There really isn’t a lot to be done with sea-sickness once it takes hold. Roxy and Johnny managed to hold-on – barely – but I think my excessive beer from the night before sent me over the edge. What made it worse was the violence with which my body was reacting to the sickness. I was vomiting so hard I started bleeding from the nose, sweating profusely, and pretty was pretty much readying myself for death. I have had this feeling twice before: once on 30-foot sail boats in the gulf off of Vancouver island in middle school, and once after getting off of the Body Wars simulation ride at EPCOT Centre in Disneyworld. I don’t recommend that ride.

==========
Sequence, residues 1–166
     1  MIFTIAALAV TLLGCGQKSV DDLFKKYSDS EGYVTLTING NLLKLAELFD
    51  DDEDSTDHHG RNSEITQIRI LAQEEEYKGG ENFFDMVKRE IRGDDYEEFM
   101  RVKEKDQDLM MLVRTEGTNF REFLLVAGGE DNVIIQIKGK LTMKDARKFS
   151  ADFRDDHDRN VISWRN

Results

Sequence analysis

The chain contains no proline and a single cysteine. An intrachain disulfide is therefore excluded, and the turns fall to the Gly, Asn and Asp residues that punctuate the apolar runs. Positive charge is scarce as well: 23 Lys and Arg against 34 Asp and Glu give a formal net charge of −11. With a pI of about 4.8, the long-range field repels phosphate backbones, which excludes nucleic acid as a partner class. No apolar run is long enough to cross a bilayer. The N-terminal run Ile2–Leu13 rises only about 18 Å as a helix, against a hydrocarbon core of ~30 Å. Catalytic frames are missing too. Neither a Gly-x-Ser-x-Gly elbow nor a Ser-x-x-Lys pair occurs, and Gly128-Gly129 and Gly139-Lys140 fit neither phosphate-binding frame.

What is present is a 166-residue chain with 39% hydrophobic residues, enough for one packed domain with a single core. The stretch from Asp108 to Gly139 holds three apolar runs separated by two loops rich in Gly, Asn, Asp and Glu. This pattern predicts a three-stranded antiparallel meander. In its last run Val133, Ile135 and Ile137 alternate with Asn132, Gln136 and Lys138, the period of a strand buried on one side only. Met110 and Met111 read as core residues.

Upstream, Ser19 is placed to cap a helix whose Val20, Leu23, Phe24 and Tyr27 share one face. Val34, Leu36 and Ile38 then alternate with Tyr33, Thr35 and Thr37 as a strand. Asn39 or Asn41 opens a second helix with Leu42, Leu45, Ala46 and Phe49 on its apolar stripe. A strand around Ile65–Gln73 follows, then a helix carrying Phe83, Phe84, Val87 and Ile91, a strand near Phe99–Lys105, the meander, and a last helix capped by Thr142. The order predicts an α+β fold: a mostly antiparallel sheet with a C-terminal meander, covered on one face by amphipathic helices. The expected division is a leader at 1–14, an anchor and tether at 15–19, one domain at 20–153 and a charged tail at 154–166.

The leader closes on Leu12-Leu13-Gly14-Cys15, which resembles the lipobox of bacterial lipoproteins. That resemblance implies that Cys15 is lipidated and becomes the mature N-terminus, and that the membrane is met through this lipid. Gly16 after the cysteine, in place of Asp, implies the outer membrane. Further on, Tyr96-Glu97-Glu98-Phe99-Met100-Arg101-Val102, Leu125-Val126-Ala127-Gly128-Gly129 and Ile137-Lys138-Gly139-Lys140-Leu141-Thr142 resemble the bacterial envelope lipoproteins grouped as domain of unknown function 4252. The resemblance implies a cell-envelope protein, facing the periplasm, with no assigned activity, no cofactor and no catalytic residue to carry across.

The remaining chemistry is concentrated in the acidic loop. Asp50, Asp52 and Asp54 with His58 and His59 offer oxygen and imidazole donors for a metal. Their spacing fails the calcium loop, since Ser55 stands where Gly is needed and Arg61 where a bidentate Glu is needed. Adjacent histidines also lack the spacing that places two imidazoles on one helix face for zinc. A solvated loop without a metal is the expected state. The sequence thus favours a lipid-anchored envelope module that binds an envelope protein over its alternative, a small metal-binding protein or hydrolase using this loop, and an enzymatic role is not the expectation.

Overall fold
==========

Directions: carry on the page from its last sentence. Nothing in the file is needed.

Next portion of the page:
On the Ulleung-do ferry though, it was 90 minutes of no reprieve. Stupidly, or perhaps because I didn’t have time, I didn’t get any water before heading into the bathroom. This meant 10 minutes of actual vomiting, and another 50 of dry-heaving. Let’s just call it an extreme cleanse. I saw stuff coming out of my stomach that didn’t look natural. I’m sure that I am now 99% toxin-free and my chances of stomach cancer were significantly decreased. Looking back on it though - I was, to quote a Princess Bride era Carey Elwes, "a miserable vomitous mass."
I finished-up with another 10 minutes of moaning. You do strange things to take your mind off the feeling during times of nausea, and with others spewing in stalls surrounding me, what did I have to lose? – I was likely a shade of pale green, soaked-through with sweat, vomit, and blood, and I really didn’t care what I sounded like.
It took a while to feel better.